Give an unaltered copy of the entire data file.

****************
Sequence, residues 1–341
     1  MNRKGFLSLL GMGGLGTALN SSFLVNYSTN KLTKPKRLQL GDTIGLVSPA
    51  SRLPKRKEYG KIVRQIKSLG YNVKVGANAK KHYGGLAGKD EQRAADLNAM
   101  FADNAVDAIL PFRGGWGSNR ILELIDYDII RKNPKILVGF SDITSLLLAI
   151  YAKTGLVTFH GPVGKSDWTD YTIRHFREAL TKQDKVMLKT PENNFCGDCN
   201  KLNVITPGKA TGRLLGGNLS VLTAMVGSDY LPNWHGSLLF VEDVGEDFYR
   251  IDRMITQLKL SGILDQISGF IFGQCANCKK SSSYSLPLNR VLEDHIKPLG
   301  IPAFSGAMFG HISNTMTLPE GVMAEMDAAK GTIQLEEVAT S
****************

Sequence, residues 1–341
     1  MNRKGFLSLL GMGGLGTALN SSFLVNYSTN KLTKPKRLQL GDTIGLVSPA
    51  SRLPKRKEYG KIVRQIKSLG YNVKVGANAK KHYGGLAGKD EQRAADLNAM
   101  FADNAVDAIL PFRGGWGSNR ILELIDYDII RKNPKILVGF SDITSLLLAI
   151  YAKTGLVTFH GPVGKSDWTD YTIRHFREAL TKQDKVMLKT PENNFCGDCN
   201  KLNVITPGKA TGRLLGGNLS VLTAMVGSDY LPNWHGSLLF VEDVGEDFYR
   251  IDRMITQLKL SGILDQISGF IFGQCANCKK SSSYSLPLNR VLEDHIKPLG
   301  IPAFSGAMFG HISNTMTLPE GVMAEMDAAK GTIQLEEVAT S